Steven Ratner is the Bruno Simma Collegiate Professor of Law at the University of Michigan. His teaching and research focus on public international law and on a range of challenges facing governments and international institutions since the Cold War, including territorial disputes, counter-terrorism strategies, ethnic conflict, state and corporate duties regarding foreign investment, and accountability for human rights violations. A member of the board of editors of the American Journal of International Law from 1998–2008, he began his legal career in the Office of the Legal Adviser at the U.S. State Department. He has served as a member of the UN Secretary-General’s Group of Experts for Cambodia and his Panel of Experts on Accountability in Sri Lanka. In 2008–09, he served in the legal division of the International Committee of the Red Cross in Geneva. Since 2009, he has served on the State Department’s Advisory Committee on International Law and since 2013, he has been an adviser to the American Law Institute for the Restatement (Fourth) of the Foreign Relations Law of the United States. He has also served as an expert on international investment law in various arbitrations.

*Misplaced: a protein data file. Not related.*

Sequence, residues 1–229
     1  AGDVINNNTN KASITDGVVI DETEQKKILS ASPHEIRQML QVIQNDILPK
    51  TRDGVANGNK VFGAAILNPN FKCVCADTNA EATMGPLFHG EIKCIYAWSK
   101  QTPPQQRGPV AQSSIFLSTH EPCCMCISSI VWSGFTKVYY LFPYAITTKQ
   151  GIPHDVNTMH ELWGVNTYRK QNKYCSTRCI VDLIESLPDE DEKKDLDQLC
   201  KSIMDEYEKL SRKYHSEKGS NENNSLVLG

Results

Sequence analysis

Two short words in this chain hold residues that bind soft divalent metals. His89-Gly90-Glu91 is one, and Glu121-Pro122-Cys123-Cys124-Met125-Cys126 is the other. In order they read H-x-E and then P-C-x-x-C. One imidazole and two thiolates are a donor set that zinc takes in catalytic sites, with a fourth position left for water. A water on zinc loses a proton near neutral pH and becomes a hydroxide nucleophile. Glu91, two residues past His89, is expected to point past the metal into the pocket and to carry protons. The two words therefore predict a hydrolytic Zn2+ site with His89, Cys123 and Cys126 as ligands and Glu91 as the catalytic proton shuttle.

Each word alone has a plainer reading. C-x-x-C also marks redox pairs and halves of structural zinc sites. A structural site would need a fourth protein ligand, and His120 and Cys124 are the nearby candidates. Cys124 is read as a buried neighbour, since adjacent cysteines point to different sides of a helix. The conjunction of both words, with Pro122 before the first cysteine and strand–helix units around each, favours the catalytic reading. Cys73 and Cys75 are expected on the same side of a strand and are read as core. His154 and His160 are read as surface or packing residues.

In a world suffused with conflict and human misery, global justice remains one of the most compelling missions of our time. Although philosophers of global justice have often stayed clear of legal institutions, international law plays a critical role in understanding the prospects for global justice. For the core rules of international law – even if they came about as a result of power politics and historical contingencies – have their own morality and represent a real-world incarnation of a vision of global justice. That ethical vision is one that I term ‘thin’ justice. While not as ‘thick’ as the justice we might minimally expert for domestic polities, nor the limit of justice for which we should strive in the international realm, it is justice deserving of the name and consistent with a cosmopolitan vision of the world. After explaining my notion of thin justice, I will apply my standard of justice to international law rules concerning a state’s authority to protect human rights beyond its borders.